Thursday, July 30, 2015

Quantum Mechanics and Climate: Strange Bugs In the Head

The tallbloke site has a post highlighting the introduction of quantum mechanics into the physics of atmospheric warming, by none other than Richard Feynman, who everyone rightly respects as a physicist. As it seems a popular idea now (the tallbloke post is a spin-off from the original on Hockeyschtick yesterday), here is my response:

I almost submitted a comment to the Hockeyschtick post yesterday, but decided who was I to keep others from stumbling their own way to the truth, when all I had was definitive evidence against the consensus theories and somewhat better physical insight than just about anybody with a "climate theory" (and much better than anybody, or any government, with a "climate policy"). Perhaps I was wrong to refrain as I did (but the audiences on these blogs are small, and there's the rub).

I read the referenced Feynman lecture, or the parts that were at all interesting or relevant to the climate science debates. To put it bluntly, Feynman was a poor physics instructor, overall; while his lectures were filled with golden nuggets of solid information, he wandered all over the map to get where he was going, or to get not much of anywhere at all. (I see now he was a hippie in his teaching, and his popularity probably was responsible for all those later "Physics For Poets (and other non-scientists)" courses that were offered to non-physics majors (at least in the '70s, when I taught one).

There is not the slightest evidence, in the above graph or in Feynman's lecture, that quantum mechanics is responsible, or in any way needed, for the "anomalous specific heats" (as Roger Clague calls them above -- I don't remember what words Feynman used in the lecture to describe them). Note particularly, the graph does not present the quantum mechanical prediction for the specific heats, it presents "reality" vs. the supposed "classic" ("classical"?) physics predictions. Feynman highlighted TWO "classic physics" predictions, however, for the same diatomic ideal gas -- 1.4 and 1.286. He did this by counting the number of degrees of freedom in two different ways, and applying what is known as the equipartition theorem that says each degree of freedom provides 1/2 kT in energy to the molecule. What he failed to say, or even hint at, is that you don't have to bring in quantum mechanics to do that (nor did he show that evoking the name "quantum mechanics", as he did, provided for any, much less all, of the actual points on the "reality" curves in the graph -- or as I wrote above, the graph does not present any quantum mechanical predictions). His appeal to quantum mechanics was gratuitous and fact-free, purely speculative, and I'm sure he regrets it now, as he can look down and see how you all have glommed onto it as if it were sacred writ.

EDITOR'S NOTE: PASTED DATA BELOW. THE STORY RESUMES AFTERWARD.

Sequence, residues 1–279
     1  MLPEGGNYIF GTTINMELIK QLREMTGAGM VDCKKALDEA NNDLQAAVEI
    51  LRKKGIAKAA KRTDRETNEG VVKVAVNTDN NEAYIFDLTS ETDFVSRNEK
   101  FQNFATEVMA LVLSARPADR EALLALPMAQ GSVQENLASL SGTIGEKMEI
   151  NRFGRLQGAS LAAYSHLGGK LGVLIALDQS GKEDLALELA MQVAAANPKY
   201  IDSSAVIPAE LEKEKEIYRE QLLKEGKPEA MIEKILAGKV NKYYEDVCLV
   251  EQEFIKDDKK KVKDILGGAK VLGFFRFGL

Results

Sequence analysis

Strangely, I addressed the subject, of the specific heat of the atmosphere, in my most recent blog post, "Convection Is Instability, and Does Not Rule", and it is almost like hockeyschtick ignored me (that's a joke, alright? everyone ignores me--and everybody else with different ideas--as much as they can) when I hinted at the real problem in the climate science debates: "Why is the effective specific heat of the tropospheric atmosphere so precisely just 1.5 times that of a diatomic ideal gas?" (I disagree that it is due to the accidental concentration of any "greenhouse gas", particularly either carbon dioxide or water vapor, or to convection, or "convective cooling", and I reject, for now, the very idea of a "wet" versus "dry", so-called "adiabatic lapse rate" (because, again, the difference would depend upon the amount of "wet" involved, wouldn't it, and that would vary with altitude, and thus give an unreal, non-constant lapse rate, wouldn't it?); it is the hydrostatic lapse rate, period, and the only question is why, in the formula for it (-g/c), is the specific heat c exactly 50% higher than that for a diatomic ideal gas? (Or equivalently, why is the lapse rate -6.5 K/km instead of -9.8 K/km?)

I, for one, don't believe the answer is to be found in quantum mechanics (any more than I am prepared to accept the "wet adiabatic" theory). I expect it is to be found in the proper enumeration of the degrees of freedom actually involved, in the molecules of the atmosphere, and I do not think I am making only a formal distinction with quantum mechanics--or the "wet adiabatic" crowd, for that matter--when I say that. Only time will tell.

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